Walt Murphy is one of the finest track geeks that I know. Walt does #ThisDayinTrack&FieldHistory, an excellent daily service that provides true geek stories about our sport. You can check out the service for FREE with a free one-month trial subscription! (email: WaltMurphy44@gmail.com ) for the entire daily service. We will post a few historic moments each day, beginning February 1, 2024.

This Day in Track & Field-May 7

(c)Copyright 2024-all rights reserved. It may not be reprinted or retransmitted without permission.

By Walt Murphy’s News and Results Service (wmurphy25@aol.com), used with permission.

1898—Yale’s Raymond Clapp set an American Record of 11-6 (3.50) in the Pole Vault on his home field in New Haven. Clapp was the IC4A Champion in 1898 and 1899.

 

1904—Vassar’s Fanny James set an American Record of 13.0 in the 100-yard dash at the school’s annual field day in Poughkeepsie, NY.

 

1966—Track & Field News called it “The greatest performance in the history of track & field” after San Jose State’s Tommie Smith ran 19.5 on the straightaway at an All-Comers meet on his home track to set World Records for both 200-Meters and 220-Yards. The magazine used the Portuguese Scoring Tables, which assigned points to performances across all events, as the basis for its claim.

1976—Among the winners at the Heptagonal Championships in Kingston,RI (May 7-8) were Princeton’s Craig Masback (1500/3:51.3), Penn’s Dave Merrick, who edged Army’s Curt Alitz in the 5000 (14:04.0 for both), Penn’s Harold Schwab in both hurdles (14.3/52.0), and Harvard’s Mel Embree in the High Jump (7-3 [2.21]). Penn won the team title in a runaway, beating Navy 83-1/3-40.

The PA announcer for the meet was ESPN’s Chris Berman, who was a junior at Brown University at the time!

Bermanhttps://brownbears.com/honors/hall-of-fame/christopher-j-berman/124

https://espnpressroom.com/us/bios/chris-berman/

1978—American Records were set at the Pepsi Inv. at UCLA by James Butts in the Triple Jump (56-5  ½ [17.21]) and Patty van Wolvelaere in the 100-meter hurdles (13.21). Finishing 2nd to Butts was future Hall-of-Famer Willie Banks.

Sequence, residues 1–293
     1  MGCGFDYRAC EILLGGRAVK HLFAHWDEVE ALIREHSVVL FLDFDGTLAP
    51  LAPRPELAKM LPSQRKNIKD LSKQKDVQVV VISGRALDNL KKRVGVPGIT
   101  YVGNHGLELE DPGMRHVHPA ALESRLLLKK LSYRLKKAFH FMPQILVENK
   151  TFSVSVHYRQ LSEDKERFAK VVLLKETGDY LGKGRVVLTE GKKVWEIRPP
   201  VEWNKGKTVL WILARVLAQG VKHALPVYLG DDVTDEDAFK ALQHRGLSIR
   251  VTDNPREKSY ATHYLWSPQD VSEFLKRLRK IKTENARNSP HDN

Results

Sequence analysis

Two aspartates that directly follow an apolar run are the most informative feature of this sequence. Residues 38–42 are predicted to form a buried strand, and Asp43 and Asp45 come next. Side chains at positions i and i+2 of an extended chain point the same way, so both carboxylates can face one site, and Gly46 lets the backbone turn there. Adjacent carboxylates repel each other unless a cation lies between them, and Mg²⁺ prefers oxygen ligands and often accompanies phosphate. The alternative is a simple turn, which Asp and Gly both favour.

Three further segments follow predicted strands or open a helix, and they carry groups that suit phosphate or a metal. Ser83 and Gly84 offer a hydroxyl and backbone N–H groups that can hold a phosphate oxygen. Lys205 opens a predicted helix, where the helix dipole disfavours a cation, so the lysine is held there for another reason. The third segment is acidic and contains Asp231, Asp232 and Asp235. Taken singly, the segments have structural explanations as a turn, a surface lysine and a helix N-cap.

(55-11  ¼ [17.05]).

In a battle of future greats, UCLA’s Greg Foster won the 110 hurdles with a personal best time of 13.34, narrowly beating Maryland freshman Renaldo Nehemiah, who set a World Junior Record of 13.37 (since broken).

Other notable winners in this high-class meet were Washington State’s Henry Rono (3000-7:43.0), UCLA’s Evelyn Ashford (200-23.00), Al Feuerbach (SP:68-11  ¼ [21.01]), Mac Wilkins (DT: 227-11 [69.46?]), Francie Larrieu (mile-4:31.0), and Joni Huntley (HJ: 6-2 [1.88]).

 

1988–Jackie Joyner-Kersee ran 12.70 in Modesto, California, to break Gail Devers’ American Record (12.71) in the 100-meter hurdles.

2005—A day before he turned 19, Galen Rupp ran 28:15.52 for 10,000 meters at the Twilight meet in Eugene to break the official American Junior Record of 28:32.7, set by Indiana prep Rudy Chapa (Hammond H.S.) in 1976. Rupp’s mark was intrinsically inferior to when 19-year-old Gerry Lindgren, a freshman at Washington State at the time, ran for 6 miles at the 1965 U.S. Championships. He lost a photo finish to Billy Mills in that race, but both were given credit for a World Record of 27:11.6.

On the other side of the country, Harvard frosh Lindsey Scherf set the current AJR in the Women’s 10,000, who ran 32:51.20 while finishing 2nd at the Heptagonal/Ivy League Championships at Columbia University.  The previous mark of 32:52.5 was set 26 years earlier (1979) by Mary Shea, a senior at Cardinal Gibbons H.S.(NC).

Scherfhttps://en.wikipedia.org/wiki/Lindsey_Scherf

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